SUPREME COURT SYLLABUS
In the Matter of the Application of Frank B. McLaughlin, for Admission to the Bar of New Jersey
(This syllabus is not part of the opinion of the Court. It has been prepared by the Office of the Clerk for the convenience of the reader. It has been neither reviewed nor approved by the Supreme Court. Please note that, in the interests of brevity, portions of any opinion may not have been summarized).
for Admission to the Bar of New Jersey (E-22-95)
Argued November 28, 1995 -- Decided May 20, 1996
HANDLER, J., writing for a unanimous Court.
This case involves issues of character and fitness for admission to the bar. All applicants for admission to the bar must submit a detailed sworn Statement to the Supreme Court's Committee on Character and must undergo additional reviews, including a criminal records fingerprint check. The Statement and supporting materials are processed by the Committee's staff and are reviewed by the volunteer attorneys who serve on the Committee.
Frank B. McLaughlin of Brooklyn, New York, sat for and passed the July 1994 bar examination. He was a graduate of Rutgers Law School_Newark where he was the Book Review Editor of the Law Review. Before attending law school, McLaughlin was a claims analyst for American Reinsurance in Princeton, New Jersey.
A hearing was scheduled before a panel of the Committee to address three aspects of McLaughlin's application. The first involved a Massachusetts arrest in 1985. McLaughlin took the position that he had disclosed the arrest and its circumstances in an attachment to his original Statement; the Committee concluded that the disclosure was not appended to the Statement.
The second item was McLaughlin's disclosure of a 1994 arrest in Hoboken, New Jersey. McLaughlin described his involvement in a "peaceful political protest." The Committee concluded that his description of the incident was incomplete and misleading.
The third item arose out of McLaughlin's dealings with his automobile insurance company and his failure to make complete disclosure regarding suspensions of his driver's license.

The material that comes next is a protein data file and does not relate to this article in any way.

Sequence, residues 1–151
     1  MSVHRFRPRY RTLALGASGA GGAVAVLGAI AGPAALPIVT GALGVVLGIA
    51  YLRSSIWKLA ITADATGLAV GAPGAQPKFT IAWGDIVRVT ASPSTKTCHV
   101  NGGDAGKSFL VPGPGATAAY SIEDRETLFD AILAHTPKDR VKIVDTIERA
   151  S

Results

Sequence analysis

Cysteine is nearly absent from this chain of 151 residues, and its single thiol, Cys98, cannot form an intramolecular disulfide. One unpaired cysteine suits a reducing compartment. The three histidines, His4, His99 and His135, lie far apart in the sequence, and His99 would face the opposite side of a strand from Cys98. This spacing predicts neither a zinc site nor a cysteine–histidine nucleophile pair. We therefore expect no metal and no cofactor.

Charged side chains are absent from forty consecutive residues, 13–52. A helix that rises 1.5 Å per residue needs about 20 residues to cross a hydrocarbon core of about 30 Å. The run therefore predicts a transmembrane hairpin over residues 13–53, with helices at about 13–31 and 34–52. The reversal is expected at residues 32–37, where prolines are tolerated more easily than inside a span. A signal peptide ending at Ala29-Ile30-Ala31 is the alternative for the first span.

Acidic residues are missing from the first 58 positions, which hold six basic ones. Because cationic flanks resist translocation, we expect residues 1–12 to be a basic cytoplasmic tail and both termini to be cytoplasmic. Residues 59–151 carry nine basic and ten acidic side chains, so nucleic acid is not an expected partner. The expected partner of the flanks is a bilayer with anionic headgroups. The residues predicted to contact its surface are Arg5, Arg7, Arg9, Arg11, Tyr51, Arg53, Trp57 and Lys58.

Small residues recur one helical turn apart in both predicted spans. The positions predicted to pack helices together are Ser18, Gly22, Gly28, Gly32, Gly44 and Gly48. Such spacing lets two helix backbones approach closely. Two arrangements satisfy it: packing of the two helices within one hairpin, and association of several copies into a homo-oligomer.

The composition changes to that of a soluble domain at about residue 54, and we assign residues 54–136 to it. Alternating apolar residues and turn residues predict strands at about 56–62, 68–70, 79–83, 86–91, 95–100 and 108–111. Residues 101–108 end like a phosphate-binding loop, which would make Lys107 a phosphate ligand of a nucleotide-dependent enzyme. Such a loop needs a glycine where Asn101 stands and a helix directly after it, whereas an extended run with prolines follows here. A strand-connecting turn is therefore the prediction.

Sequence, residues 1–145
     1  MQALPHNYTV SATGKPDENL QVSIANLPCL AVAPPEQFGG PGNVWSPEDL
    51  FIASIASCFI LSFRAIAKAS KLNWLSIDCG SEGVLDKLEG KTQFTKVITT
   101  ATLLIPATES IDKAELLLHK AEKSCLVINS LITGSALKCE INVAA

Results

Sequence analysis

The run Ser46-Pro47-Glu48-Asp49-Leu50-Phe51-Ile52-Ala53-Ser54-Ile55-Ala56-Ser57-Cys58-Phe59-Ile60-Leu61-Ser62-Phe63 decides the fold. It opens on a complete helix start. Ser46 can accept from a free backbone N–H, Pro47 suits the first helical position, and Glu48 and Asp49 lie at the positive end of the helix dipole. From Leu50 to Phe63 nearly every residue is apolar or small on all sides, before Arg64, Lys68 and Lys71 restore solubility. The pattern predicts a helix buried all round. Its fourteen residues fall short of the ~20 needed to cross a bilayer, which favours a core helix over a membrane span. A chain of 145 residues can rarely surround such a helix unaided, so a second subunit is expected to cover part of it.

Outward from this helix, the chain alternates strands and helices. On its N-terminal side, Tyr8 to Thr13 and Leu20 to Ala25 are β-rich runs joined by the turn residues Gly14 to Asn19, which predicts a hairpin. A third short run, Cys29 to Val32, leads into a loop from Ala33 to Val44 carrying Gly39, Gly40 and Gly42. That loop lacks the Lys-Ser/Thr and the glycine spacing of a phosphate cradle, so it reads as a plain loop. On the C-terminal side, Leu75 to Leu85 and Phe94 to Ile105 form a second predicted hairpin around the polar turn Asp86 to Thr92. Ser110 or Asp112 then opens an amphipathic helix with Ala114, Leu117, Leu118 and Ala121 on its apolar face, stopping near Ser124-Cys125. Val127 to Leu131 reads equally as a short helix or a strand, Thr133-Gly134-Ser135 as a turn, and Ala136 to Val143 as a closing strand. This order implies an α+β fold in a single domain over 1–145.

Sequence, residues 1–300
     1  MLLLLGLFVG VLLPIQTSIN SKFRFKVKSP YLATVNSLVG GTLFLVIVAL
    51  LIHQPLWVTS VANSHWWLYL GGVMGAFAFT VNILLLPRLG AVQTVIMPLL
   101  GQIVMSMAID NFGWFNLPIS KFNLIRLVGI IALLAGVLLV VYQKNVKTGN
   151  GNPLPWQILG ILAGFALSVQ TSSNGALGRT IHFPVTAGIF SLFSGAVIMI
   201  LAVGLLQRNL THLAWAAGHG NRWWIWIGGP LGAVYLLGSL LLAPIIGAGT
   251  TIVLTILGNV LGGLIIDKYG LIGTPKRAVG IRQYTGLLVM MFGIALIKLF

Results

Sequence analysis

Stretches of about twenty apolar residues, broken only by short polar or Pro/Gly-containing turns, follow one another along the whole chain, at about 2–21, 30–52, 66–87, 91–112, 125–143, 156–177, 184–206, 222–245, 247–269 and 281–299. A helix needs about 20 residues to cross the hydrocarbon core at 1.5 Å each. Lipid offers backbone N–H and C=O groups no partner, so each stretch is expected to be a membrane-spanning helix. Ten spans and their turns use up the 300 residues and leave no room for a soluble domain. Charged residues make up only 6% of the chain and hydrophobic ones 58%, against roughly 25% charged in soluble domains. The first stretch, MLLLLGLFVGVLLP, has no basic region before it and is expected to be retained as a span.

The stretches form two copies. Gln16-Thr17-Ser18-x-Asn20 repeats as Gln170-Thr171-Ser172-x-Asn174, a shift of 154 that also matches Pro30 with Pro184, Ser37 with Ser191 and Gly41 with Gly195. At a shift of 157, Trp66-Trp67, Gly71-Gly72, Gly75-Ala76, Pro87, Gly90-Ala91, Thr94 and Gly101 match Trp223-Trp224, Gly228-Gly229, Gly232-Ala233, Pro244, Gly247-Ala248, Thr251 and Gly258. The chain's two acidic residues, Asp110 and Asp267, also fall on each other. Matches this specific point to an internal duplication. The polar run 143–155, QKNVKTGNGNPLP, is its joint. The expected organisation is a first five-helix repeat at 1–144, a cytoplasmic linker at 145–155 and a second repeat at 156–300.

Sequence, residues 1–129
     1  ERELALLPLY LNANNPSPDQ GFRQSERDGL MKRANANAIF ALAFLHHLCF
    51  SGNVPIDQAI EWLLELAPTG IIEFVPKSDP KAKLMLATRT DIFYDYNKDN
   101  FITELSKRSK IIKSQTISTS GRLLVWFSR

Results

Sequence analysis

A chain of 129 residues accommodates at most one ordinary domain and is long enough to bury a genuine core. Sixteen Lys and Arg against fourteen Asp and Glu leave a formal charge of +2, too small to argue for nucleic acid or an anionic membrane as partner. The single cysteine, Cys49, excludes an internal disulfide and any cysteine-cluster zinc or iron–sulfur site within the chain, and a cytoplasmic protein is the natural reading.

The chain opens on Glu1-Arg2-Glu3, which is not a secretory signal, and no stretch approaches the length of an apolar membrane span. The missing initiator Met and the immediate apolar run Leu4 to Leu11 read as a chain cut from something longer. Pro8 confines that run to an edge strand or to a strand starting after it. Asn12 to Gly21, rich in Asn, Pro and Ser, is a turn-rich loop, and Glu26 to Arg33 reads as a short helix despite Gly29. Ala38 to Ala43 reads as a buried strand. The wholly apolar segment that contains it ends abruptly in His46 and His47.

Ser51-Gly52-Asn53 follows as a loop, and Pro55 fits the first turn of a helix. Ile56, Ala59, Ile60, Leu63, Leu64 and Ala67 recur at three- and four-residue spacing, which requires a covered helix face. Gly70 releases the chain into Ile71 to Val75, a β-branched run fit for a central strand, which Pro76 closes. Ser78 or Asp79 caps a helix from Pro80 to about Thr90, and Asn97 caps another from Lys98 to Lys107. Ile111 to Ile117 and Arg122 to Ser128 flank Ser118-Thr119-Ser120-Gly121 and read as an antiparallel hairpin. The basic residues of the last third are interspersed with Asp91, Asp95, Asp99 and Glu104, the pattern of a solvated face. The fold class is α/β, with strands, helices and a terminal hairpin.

In addition to the disclosure and candor problems presented by McLaughlin's application and testimony, his conduct before the Committee's hearing panel and his treatment of court personnel during the proceedings raised other concerns about his character and fitness. The record reflected incidents of impatient and snide comments to the panel members of the Committee and the use of extreme examples of sarcasm, flippancy, and other inappropriate responses.
The Committee on Character concluded that McLaughlin did not possess the requisite character for admission to the bar. It recommended to the Court that it withhold certification of McLaughlin's character. The Court issued an Order to Show Cause why certification should not be withheld.
HELD: Candidates for admission to the bar must possess the traits of honesty and truthfulness, trustworthiness and reliability, and a professional commitment to, and respect for, the judicial process and the administration of justice. Based on its independent review of the record in this matter, the Court withholds certification of the applicant's character.
2. Although McLaughlin's arrests involved relatively minor matters, his treatment of those arrests before the Committee demonstrated a significant lack of candor. Furthermore, his handling of his automobile insurance also indicated a lack of honesty, particularly when it is noted that McLaughlin worked in the insurance industry. McLaughlin's actions constitute a pattern of behavior that demonstrates a clear and convincing lack of the required reverence for the truth. (pp. 20-23)
3. Prior decisions of the Court have made it clear that an applicant's attitude will be a factor in determining present fitness. McLaughlin's demeanor and expressions in correspondence give ample cause to conclude that he has an insufficient appreciation for the proper administration of justice. His conduct bordered on contempt. The judiciary seeks to suppress incivility, which, if tolerated and unchecked, can render the transaction of judicial business impossible. McLaughlin's conduct was marked with impudence and insolence and belied a fidelity to the administration of justice that must be possessed by members of the legal profession. (pp. 23-28)
4. McLaughlin's lack of insight into his shortcomings leads the Court to conclude that he is not currently a worthy candidate for admission to the bar. The Court, however, also concludes that McLaughlin should be given the opportunity to rehabilitate himself. He may, no earlier than six months from the filing of the Court's opinion, submit rehabilitation evidence to the Committee in accordance with the requirements of Application of Matthews, 94 N.J. 59 (1983).
The recommendation of the Committee on Character is adopted and certification of the applicant's character is WITHHELD.
CHIEF JUSTICE WILENTZ and JUSTICES POLLOCK, O'HERN, GARIBALDI, STEIN, and COLEMAN join in JUSTICE HANDLER's opinion.
SUPREME COURT OF NEW JERSEY
E- 22 September Term 1995
IN THE MATTER OF
THE APPLICATION OF
FRANK B. MCLAUGHLIN,
FOR ADMISSION TO THE
BAR OF NEW JERSEY.
Argued November 28, 1995 -- Decided May 20, 1996
On an Order to show cause why respondent should not be certified for admission to the bar.
Thomas J. McCormick, Assistant Ethics Counsel, argued the cause on behalf of the Committee on Character.
Philip A. Nemecek, a member of the New York bar, argued the cause on behalf of respondent (Andrew B. Lane, attorney; Frank B. McLaughlin, pro se, on the brief).
The opinion of the Court was delivered by
This is a bar-admissions case. It arises from the report and recommendation of the Supreme Court Committee on Character that the required certification of good character be withheld from a candidate for the July 1994 New Jersey Bar Examination. The recommendation was based on the Committee's conclusion that